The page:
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The PT Cruiser's influence.

Having flashbacks? It's the PT(SD) Cruiser!

20w ago

Retro styled cars are like marmite, people either love them or hate them. In the past twenty years we have seen a resurgence in the amount of mainstream automobiles coming under this umbrella; the 'new' VW Beetle, the Jaguar S-Type, the Fiat 500 and so on. Regardless of how many people adore or are repulsed by these, I believe no car encapsulates the retro-marmite ethos more than the Chrysler PT Cruiser.

See, while many of these cars start out with options to add the odd vinyl stripe here or quirky feature there, throughout their life they gradually tone down the fuss as the initial novelty wears off. The PT Cruiser on the other hand, didn't do this. Throughout its decade-long life, it continued marketing itself as the an all-American retrograde with special editions. Given that they sold over a million of these cars in the United States alone, it became a huge success for Chrysler, bringing some much needed revenue to the seemingly always struggling company. As everyone knows though, they've also found a place in pop culture as a bit of a joke. I maintain that if Wayne's World was made today then the AMC Pacer [at the time a cheap run-around instead of a classic] would be substituted for an equally preposterous PT Cruiser with flames - a feature you could actually get from the factory.

For all the time spent laughing at this car, you could be forgiven for being unaware of its significance in automotive evolution. Supposing you define a crossover as a kind of compact SUV, then they've been around since the late 1970's introduction of the AMC Eagle. There was the Toyota RAV4 too, which came five years before the PT Cruiser, in 1995. What we're seeing more of today though is city-crossover models which are essentially large or tall hatchbacks with no real off-road credentials; like the SEAT Arona, which started life as a SEAT Ibiza. Then there's the Fiat 500X, the Audi Q2, the Mini Countryman, the Nissan Juke, the DS3 Crossback, and so on. There's a seemingly infinite amount of these cars around today, making up a huge chunk of the market share. In terms of these kind of crossovers, I'd argue the PT Cruiser's 2000 arrival was the first.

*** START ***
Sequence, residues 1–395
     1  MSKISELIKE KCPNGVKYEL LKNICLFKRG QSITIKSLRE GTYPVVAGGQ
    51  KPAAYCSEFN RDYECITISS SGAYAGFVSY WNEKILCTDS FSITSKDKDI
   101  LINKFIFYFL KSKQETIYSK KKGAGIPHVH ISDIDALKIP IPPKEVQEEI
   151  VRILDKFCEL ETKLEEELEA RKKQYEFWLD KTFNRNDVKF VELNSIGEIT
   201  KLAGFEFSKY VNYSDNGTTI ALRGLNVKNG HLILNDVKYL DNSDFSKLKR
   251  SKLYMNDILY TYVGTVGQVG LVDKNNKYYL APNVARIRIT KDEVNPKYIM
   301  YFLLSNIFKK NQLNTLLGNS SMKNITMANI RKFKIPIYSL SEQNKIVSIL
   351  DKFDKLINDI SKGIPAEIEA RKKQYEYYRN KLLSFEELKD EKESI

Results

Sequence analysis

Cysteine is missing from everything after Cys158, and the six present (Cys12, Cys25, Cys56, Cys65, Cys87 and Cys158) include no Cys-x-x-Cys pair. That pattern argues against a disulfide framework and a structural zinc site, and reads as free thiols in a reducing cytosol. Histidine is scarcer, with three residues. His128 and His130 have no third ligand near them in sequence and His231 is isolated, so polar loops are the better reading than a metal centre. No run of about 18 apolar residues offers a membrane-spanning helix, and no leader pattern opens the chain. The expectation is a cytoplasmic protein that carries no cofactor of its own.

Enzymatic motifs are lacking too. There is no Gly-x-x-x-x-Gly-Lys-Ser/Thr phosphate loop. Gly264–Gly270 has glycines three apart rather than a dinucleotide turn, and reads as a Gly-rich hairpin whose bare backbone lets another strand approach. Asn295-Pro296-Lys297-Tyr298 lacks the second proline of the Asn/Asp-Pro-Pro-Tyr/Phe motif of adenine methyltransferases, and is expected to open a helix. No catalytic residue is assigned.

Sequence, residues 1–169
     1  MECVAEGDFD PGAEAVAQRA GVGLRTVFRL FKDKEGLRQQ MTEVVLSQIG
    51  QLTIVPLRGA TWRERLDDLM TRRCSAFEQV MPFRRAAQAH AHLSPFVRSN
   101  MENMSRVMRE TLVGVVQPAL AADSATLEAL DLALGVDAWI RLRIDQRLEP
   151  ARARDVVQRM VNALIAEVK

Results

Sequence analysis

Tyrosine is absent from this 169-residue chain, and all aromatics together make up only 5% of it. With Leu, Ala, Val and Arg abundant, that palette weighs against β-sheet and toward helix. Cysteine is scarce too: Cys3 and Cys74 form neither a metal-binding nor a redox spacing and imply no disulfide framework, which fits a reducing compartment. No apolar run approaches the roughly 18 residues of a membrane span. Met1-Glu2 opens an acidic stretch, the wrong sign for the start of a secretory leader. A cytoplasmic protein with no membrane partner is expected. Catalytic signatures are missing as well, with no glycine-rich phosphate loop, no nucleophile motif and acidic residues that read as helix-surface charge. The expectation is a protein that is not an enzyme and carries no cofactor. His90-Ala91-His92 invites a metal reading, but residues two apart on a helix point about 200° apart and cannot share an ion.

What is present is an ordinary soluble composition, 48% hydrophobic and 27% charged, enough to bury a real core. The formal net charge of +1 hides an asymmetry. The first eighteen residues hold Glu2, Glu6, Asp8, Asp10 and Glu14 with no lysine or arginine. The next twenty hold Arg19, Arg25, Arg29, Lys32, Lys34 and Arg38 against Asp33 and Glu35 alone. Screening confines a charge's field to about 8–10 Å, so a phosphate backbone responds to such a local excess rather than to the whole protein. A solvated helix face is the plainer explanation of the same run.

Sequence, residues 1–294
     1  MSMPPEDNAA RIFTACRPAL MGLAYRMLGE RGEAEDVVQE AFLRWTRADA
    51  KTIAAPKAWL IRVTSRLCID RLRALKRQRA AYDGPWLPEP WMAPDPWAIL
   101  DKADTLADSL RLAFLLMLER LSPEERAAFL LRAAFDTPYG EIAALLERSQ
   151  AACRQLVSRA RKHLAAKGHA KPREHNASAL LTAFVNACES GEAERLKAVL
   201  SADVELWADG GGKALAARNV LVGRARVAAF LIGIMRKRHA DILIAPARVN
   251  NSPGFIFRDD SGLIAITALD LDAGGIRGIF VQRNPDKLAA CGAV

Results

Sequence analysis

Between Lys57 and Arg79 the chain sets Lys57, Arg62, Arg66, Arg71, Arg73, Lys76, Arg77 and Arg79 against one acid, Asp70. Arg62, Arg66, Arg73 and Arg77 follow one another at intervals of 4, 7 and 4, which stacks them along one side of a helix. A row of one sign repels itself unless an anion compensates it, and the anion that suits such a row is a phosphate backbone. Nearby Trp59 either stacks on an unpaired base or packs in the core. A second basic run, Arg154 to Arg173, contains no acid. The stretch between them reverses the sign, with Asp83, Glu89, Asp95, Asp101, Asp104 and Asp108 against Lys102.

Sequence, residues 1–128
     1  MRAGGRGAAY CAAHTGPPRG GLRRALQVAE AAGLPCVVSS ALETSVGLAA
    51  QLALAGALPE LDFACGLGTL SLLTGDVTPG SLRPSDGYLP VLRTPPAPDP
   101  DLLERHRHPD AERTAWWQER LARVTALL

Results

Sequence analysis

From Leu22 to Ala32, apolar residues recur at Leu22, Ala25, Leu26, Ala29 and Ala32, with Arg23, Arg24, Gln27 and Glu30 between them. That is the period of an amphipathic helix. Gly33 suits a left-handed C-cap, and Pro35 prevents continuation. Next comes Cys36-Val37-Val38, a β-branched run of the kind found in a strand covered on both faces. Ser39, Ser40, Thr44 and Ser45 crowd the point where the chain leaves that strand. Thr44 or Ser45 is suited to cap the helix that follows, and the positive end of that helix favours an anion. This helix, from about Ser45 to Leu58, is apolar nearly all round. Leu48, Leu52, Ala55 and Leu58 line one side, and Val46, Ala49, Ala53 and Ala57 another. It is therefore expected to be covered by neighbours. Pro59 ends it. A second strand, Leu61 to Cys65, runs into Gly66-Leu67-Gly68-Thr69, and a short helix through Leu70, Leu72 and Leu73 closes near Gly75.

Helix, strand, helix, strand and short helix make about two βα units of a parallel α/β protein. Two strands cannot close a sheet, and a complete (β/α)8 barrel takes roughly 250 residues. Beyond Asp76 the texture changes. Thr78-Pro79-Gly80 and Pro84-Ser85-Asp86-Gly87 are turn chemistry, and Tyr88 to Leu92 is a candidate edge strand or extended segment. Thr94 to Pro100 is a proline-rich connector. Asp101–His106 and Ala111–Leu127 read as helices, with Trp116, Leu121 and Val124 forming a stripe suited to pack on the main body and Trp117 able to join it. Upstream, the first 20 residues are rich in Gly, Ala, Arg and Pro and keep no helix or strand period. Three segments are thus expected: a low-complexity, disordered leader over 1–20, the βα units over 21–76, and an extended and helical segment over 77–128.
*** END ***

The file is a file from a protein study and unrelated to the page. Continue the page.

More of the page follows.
Like any self-respecting crossover, it took styling ques from larger vehicle. In this case, a 1930's Dodge Panel Truck. The stance of the car's exterior styling being angled down, towards the front came from a hot rod influence. It followed several concept cars and design experiments unveiled in auto shows leading up to the car's release. The unusual styling took the attention of buyers, but it was its practicality which showed it to be more than just a gimmick. The seating could be rearranged and the passenger seat was able to be folded down into a table configuration. There was also a split boot design which became something present on many modern crossovers we see today.

Despite starting at a higher base price than many of its rivals here in the UK for the 1.6 litre, the price of acquiring a high spec model with a 2.4 litre engine was considerably less than the cost of rival cars in top-spec. This wasn't without ramifications however, as it could be argued that Chrysler had cut too many corners with the PT Cruiser's interior quality to save money. Such cheap plastics were used that they would make a Barbie doll house look over engineered. I've also heard it's not a very well screwed together car. Frankly, these arguments might have a point but the PT Cruiser's short comings didn't stop it from building up a massive following of enthusiasts who loved the fact that you could buy one with fake wood stickers on the side, a variety of flame designs (as previously mentioned) or even a Route 66 Edition with chrome wheels.

For all the flack this car has received, there's a bit more to it than can be seen from the surface. Even if it was succeeded by the Dodge Caliber, which bares no resemblance of any kind, its influence is can still be seen in strength now in some of society's best selling cars. Plus I have to admit that as tacky as they are, I'd love a shot at customising one.

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